The Hindu Lit for Life 2018

Humanising terrorists

We have never written about terror per se. Right from the beginning, we have tried to write about people, trying to understand what they do, how extraordinary their stories are. Unless you find out the psychological reality, domestic reality, you won’t be able to understand their actions,” said Adrian Levy, author of The Exile: The Stunning Inside Story of Osama Bin Laden and Al Qaeda in Flight, on the last day of The Hindu Lit for Life 2018.

This session titled The Face of Terror’’ featured Levy and S. Hussain Zaidi, author of Dangerous Minds, and was moderated by Mukund Padmanabhan, Editor, The Hindu.

Levy explained how a personal crisis changed things in al Qaeda. He said, “Osama Bin Laden gets his fourth wife, a 17-year-old girl from Yemen, which pitches his family into crisis. It led to the head of security quitting the organisation… It threatened al Qaeda.”

He added, “Knowledge of personalities and individuals… of al-Qaeda tells us more about the organisation than press releases by intelligence agencies.”

Speaking about why he chose to write profiles of homegrown terrorists, Zaidi said, “We [Zaidi and Brijesh Singh, co-author of Dangerous Minds, who is a police officer in Maharashtra ] wanted to understand the terrorists’ mind. Do we go to a psychoanalyst or to police files for this? Going through their back stories helped us find their motivations…”

While Zaidi said that Saudi Arabia and Pakistan were important players in funding and training terrorists, Levy named Qatar as one of the important bases right now. “Terror costs nothing these days. Ideas are more problematic. It is the cult of death which is very difficult to address, and very attractive,” Levy said.


Our code of editorial values

Related Topics
This article is closed for comments.
Please Email the Editor

Printable version | Aug 6, 2021 9:56:43 AM | https://www.thehindu.com/books/humanising-terrorists/article22471735.ece

In This Package
The Hindu Lit For Life 2018 that saw brilliant speakers and engaged audiences
What does it mean to be a woman in India?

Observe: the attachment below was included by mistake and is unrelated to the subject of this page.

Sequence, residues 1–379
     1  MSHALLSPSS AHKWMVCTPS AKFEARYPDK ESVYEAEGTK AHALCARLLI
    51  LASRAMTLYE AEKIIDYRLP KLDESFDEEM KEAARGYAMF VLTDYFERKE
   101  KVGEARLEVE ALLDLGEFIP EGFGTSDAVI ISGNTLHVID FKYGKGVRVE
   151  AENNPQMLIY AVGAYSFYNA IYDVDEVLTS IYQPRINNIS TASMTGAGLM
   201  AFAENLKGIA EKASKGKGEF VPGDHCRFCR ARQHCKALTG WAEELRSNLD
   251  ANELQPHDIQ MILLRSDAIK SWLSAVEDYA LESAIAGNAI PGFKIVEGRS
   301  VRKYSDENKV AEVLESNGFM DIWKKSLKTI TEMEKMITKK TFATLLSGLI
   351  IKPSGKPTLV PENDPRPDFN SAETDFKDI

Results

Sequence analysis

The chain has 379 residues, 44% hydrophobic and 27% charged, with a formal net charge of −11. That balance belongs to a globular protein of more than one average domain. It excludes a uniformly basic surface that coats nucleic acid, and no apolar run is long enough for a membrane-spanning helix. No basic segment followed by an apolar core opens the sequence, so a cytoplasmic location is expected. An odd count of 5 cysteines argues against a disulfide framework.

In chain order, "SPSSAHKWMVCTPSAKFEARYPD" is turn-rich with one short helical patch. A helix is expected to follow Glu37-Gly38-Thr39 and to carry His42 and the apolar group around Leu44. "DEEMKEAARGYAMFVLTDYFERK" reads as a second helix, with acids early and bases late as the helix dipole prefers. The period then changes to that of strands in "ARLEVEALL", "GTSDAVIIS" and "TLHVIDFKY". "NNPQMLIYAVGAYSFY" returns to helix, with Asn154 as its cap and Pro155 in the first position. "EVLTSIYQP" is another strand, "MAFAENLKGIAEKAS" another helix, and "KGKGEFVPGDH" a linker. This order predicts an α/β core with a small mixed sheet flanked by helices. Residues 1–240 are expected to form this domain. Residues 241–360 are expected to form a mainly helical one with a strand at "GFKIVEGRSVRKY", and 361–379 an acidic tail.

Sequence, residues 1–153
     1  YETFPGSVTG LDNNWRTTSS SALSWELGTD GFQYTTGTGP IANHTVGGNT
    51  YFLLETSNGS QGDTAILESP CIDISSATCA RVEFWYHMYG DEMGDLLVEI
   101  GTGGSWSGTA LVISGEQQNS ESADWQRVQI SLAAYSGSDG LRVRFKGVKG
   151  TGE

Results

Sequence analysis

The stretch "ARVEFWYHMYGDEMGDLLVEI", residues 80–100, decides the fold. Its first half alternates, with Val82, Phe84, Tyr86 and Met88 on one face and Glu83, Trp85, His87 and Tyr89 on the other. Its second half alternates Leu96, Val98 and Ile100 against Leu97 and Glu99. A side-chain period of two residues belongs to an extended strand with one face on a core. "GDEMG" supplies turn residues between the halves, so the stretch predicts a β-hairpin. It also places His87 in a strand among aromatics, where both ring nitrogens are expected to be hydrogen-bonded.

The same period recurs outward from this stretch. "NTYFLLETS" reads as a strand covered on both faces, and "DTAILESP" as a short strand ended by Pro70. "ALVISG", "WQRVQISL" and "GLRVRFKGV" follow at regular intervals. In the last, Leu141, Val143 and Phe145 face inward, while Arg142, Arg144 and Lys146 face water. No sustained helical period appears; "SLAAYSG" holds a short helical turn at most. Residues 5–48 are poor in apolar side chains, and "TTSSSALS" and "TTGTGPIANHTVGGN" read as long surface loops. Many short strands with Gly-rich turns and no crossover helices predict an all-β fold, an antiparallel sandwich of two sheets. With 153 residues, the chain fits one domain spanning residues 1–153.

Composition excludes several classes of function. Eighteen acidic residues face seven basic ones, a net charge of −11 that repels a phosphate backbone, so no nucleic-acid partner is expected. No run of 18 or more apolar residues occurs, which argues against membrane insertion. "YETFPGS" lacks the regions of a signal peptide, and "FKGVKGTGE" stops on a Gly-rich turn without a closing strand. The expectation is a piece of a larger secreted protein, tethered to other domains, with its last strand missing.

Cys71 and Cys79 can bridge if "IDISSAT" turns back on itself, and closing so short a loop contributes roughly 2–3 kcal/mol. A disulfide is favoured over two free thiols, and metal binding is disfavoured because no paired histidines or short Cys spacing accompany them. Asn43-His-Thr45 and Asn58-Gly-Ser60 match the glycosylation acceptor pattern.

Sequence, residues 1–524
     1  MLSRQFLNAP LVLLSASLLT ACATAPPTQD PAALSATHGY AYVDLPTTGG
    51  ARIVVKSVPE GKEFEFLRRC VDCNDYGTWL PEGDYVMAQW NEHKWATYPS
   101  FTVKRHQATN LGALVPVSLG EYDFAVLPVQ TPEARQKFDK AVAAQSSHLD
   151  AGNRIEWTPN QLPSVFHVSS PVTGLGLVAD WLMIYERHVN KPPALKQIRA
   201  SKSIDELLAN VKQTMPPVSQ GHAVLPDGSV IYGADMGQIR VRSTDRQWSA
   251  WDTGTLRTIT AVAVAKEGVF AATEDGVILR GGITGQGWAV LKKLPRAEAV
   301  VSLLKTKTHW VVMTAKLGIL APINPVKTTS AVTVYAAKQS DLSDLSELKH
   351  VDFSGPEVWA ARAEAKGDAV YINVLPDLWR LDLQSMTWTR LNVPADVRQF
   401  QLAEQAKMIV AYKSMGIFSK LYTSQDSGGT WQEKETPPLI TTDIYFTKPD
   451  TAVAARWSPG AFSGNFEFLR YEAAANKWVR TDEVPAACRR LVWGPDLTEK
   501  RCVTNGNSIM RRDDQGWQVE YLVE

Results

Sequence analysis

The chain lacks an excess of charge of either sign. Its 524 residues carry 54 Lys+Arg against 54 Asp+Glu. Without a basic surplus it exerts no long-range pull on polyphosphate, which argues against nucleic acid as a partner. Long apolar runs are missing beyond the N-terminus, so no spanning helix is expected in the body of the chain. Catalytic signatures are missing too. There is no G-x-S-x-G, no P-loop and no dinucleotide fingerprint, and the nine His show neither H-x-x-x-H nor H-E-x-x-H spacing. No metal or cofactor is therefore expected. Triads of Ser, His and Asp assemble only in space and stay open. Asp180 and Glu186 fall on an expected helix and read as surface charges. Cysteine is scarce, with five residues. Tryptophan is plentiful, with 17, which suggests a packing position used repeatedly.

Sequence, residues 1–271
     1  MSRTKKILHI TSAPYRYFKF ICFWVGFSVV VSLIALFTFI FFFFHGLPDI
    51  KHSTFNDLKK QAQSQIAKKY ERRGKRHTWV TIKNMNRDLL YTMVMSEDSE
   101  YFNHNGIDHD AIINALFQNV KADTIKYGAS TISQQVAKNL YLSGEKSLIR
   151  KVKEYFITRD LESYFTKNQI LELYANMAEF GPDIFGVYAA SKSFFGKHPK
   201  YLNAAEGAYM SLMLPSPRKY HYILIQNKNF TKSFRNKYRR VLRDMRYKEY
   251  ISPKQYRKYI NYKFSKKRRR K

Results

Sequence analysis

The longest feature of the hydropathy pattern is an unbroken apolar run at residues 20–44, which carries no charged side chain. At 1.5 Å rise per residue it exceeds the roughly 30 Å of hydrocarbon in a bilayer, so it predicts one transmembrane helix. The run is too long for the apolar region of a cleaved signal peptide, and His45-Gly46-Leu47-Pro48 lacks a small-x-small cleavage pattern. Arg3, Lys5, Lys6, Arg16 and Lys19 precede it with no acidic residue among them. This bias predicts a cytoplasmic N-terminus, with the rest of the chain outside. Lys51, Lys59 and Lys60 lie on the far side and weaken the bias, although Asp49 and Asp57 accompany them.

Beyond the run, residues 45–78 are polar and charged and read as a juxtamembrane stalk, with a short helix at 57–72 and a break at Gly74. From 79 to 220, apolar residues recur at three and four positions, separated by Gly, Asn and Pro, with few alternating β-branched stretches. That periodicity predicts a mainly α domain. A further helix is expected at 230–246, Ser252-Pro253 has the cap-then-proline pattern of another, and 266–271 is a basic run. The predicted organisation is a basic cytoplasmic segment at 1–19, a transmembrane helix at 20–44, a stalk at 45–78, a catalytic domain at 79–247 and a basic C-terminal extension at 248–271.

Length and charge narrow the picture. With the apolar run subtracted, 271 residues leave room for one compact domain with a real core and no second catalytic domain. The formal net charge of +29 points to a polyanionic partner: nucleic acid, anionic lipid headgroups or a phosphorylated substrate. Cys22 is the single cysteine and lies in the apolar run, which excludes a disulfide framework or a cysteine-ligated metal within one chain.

The insiduous culture of differentiation in India
Sagarika Ghose and Vaasanthi talk about writing on Indira Gandhi and J. Jayalalithaa respectively
Retirement isn’t an option for author Shobhaa De whose latest book is on being 70
Forging a new, interesting language through art
The function of theatre
There’s more to Hema Malini than just acting
The function of the poet
Dissent and street power: A discussion on on the modern-day attacks on the freedom to dissent in India
A sacred river where superbugs swim: Little has been achieved despite the amount of money and time allocated to the Ganga clean-up project
Stories that keep us from forgetting
In a time of conflict, children have every right to know dark truths
‘I will not say sorry for my writing’: Taslima Nasreen spoke about freedom of expression
Jignesh Mevani on how to crack an election
The problem of corruption in India
How democratic a space is the Internet in the age of online trolls?
Forces that reshape India
You are reading
Humanising terrorists
How is history changing?
‘The truth behind the charges has to be established’
When a brigand and terrorist were killed
How can novelty be restored to the novel?
Pranay Lal, author of Indica, says every stone has a story to tell
Cricket, by and large, is a level playing field today
Late Tamil writer Ashokamitran came back to life in Prasanna Ramaswamy’s documentary
Next Story